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"Despite the not-so-good news about Louisiana's crime situation, the state is making progress. The state's violent crime rate has decreased more than 19% in the five years from 1997 to 2001, better than the national decline of 17.4%." Scott Morgan, President of Morgan Quinto Press.
It can fairly be said that Louisiana has earned the label of “the nation’s most dangerous state.” Louisiana is plagued with violence. Despite ranking 24th among all states in population size, it ranks nineth in property crime, sixth in aggravated assault rates, and eighth in burglary (2003). It also has the highest murder rate in the country – 13.0 murders per 100,000 people – well above the national average of 5.7 murders.
The enormous toll that this violence exacts may be impossible to calculate. It is reflected in part in Louisiana’s high incarceration rate – the highest in the nation in 2002. As a result, in FY-04/05 the state spent nearly $500 million in State General Funds alone on keeping people in jail. These numbers, though, do not incorporate the cost of lost lives or lost earnings, of the physical and emotional suffering of victims, or of the strain of living and raising children in fear.
Unfortunately, public safety in Louisiana is more than an “adult” issue. According to the latest national data, Louisiana has the second-highest juvenile incarceration rate in the country. Part of this is a function of our juvenile crime rate, part relates to Louisiana’s approach to dealing with it. Other states rely less on juvenile prisons for non-violent offenders, focusing their efforts on rehabilitation programs that keep these youth closer to their families and schools. There is growing testimony that suggests we don’t really have a juvenile justice “system,” and what we do have doesn’t work. Efforts are underway now to reform the way we administer juvenile justice in Louisiana, and this will be an issue that confronts the governor and legislature.
However, neither adult nor juvenile crime will be adequately dealt with in Louisiana until our leaders address poverty and poor education. There is no debating the correlation among these issues.
Things to Consider:
Question to Ask:
- Louisiana’s adult prison population in early 2005 was 36,896. Nearly 41% of which have sentences of over 10 years and 11.8% are serving life sentences.
- Just over 39% of adult prisoners are incarcerated for violent crimes and 30.7% are incarcerated for drug crimes.
- There are 62,606 individuals on probation or parole in Louisiana (2005).
- The three-year recidivism rate among the adult state prison population was 40.2% in 2005.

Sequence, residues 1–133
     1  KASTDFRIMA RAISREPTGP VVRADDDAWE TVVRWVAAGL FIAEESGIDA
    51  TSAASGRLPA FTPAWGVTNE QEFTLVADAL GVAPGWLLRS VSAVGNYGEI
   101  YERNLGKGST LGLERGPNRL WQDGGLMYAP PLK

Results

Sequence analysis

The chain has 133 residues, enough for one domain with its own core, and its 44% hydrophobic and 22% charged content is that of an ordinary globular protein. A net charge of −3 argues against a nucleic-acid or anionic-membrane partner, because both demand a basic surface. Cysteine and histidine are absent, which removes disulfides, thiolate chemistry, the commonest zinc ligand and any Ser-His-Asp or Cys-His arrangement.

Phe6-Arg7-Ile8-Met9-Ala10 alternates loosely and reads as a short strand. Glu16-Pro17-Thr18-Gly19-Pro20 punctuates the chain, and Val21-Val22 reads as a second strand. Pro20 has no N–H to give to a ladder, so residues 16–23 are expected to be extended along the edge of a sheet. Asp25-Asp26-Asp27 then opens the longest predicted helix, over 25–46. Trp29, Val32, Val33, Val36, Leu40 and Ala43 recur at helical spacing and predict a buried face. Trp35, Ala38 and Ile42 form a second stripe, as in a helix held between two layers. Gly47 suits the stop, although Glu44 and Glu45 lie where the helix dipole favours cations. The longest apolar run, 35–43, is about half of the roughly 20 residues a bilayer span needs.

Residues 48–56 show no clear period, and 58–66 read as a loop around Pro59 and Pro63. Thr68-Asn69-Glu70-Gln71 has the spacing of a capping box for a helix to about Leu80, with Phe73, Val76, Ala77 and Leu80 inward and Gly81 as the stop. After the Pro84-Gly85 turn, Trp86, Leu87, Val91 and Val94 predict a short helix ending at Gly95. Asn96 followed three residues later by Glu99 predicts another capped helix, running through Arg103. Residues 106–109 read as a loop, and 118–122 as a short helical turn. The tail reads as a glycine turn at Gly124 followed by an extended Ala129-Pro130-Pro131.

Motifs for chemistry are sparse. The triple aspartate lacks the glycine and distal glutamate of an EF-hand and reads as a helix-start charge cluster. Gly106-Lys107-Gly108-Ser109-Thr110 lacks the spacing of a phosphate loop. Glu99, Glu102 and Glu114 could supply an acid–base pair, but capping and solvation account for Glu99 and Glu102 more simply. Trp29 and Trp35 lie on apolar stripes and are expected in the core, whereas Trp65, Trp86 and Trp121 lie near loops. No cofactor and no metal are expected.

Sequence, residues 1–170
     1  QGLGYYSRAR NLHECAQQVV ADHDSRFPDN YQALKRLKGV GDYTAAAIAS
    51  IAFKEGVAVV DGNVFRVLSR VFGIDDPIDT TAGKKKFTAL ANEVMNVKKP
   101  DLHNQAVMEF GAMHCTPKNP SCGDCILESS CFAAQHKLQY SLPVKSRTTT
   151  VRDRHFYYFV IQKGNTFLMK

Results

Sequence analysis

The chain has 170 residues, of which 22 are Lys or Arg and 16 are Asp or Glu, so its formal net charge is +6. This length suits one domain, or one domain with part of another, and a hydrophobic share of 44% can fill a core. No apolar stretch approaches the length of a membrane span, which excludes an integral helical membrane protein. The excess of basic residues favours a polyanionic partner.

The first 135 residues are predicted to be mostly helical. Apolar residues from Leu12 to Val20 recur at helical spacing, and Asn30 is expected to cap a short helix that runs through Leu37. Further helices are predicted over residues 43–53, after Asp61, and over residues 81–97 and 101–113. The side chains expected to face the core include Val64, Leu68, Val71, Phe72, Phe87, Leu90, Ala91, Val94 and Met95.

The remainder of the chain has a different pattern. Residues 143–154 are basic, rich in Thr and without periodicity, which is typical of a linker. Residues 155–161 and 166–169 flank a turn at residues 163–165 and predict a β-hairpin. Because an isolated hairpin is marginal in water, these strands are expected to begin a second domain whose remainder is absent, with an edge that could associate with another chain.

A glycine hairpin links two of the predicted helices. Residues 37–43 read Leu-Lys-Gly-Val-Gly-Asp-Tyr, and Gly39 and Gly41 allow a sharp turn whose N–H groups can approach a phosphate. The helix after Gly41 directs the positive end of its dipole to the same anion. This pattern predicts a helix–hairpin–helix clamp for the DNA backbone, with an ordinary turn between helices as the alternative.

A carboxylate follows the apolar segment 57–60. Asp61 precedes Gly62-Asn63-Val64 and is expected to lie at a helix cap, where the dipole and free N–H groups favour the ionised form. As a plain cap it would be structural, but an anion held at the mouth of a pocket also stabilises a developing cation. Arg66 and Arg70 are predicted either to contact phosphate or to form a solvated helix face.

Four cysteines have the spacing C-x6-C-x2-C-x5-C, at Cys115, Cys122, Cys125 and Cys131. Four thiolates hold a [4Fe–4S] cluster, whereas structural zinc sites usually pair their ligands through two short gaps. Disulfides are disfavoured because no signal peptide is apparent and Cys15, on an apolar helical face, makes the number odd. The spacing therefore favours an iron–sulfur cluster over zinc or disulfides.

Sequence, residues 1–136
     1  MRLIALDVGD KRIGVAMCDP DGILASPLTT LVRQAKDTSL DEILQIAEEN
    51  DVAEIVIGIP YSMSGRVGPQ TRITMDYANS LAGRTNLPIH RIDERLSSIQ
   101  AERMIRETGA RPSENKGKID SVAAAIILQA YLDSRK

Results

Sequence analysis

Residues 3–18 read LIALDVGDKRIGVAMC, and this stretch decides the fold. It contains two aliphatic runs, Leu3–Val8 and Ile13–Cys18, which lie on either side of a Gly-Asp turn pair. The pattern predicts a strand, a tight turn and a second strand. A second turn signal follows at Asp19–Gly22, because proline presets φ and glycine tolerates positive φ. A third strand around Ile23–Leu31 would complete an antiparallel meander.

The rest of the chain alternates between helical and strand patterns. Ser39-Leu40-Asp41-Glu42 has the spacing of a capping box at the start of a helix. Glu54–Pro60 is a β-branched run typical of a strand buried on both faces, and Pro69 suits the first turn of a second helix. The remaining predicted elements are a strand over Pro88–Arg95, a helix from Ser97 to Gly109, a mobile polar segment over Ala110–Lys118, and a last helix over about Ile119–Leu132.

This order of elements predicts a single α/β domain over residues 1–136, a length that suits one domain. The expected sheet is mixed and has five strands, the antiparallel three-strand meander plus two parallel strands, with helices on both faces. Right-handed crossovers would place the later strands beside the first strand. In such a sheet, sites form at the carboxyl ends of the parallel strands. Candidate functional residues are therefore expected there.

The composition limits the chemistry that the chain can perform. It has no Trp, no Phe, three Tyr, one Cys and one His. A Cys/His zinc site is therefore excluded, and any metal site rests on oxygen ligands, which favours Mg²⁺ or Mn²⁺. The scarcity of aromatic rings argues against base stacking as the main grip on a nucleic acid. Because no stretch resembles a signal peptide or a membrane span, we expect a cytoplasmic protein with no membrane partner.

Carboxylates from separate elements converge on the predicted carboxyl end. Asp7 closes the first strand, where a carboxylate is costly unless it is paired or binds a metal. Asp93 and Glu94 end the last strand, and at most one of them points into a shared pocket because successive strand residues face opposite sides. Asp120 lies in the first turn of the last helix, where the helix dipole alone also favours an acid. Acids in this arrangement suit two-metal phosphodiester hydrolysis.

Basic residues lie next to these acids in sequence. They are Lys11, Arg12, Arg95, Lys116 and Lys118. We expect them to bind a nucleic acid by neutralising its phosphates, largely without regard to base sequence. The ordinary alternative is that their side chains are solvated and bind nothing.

- Louisiana spends $35.40 per day for a total of $12,921 per year for each prisoner in a state institution.
- Louisiana has eleven adult state facilities.
- Currently, there are 5,619 juvenile offenders in Louisiana. Of this population, 563 are in secure custody, 697 are in non-secure custody, and 4,359 are under supervision.
- Among the juvenile offenders in secure care, 40.6% had committed violent crimes, while 59.4% were there for other types of offenses.
- The three-year recidivisim rate for the entire juvenile population was 39.3% in 2004.
- Louisiana has three juvenile state facilities.
- For each youthful offender in a state juvenile institution, the state of Louisiana will spend $230.12 per day for a total of $83,993.80 per year. When including costs for medical/mental health, the state spends $304.34 per day on juvenile offenders for total of $111,084.10 per year.
- A bill passed in the 2003 Regular Session of the Louisiana Legislature created the framework for shifting many of the juveniles incarcerated for nonviolent offenses from juvenile prisons to community-base programs more focused on rehabilitation.
- This bill is inline with public sentiment expressed in a CABL poll in the spring of 2003. The poll reveals that while citizens support tough policies for dealing with youthful offenders, 80% believe the juvenile justice system should focus on rehabilitation, but not necessarily within a prison setting.
- Louisiana has the highest incarceration rate and murder rate in the country. Voters continue to express serious concern about crime and their own personal safety. Corrections has been one of the parts of the budget that has continued to grow in recent years. What would you do as governor to help increase public safety and reduce the high level of crime that continues to plague our state?
Read what the Governor had to say about this and other quality of life issues in CABL's 2003 Election Candidate Survey. Click Here.
View Related Data from the Louisiana Fact Book
Click Here (PDF)
LA Department of Public Safety Corrections – www.corrections.state.la.us
Federal Bureau of Investigation – www.fbi.gov
U.S. Department of Justice, Bureau of Justice Stats – www.ojp.usdoj.gov/bjs
Office of Juvenile Justice and Delinquency Prevention – www.ojjdp.ncjrs.org
YouWho – www.youwho.org
Juvenile Justice Commission – www.jjc.state.la.us
Ann E. Casey Foundation - www.aecf.org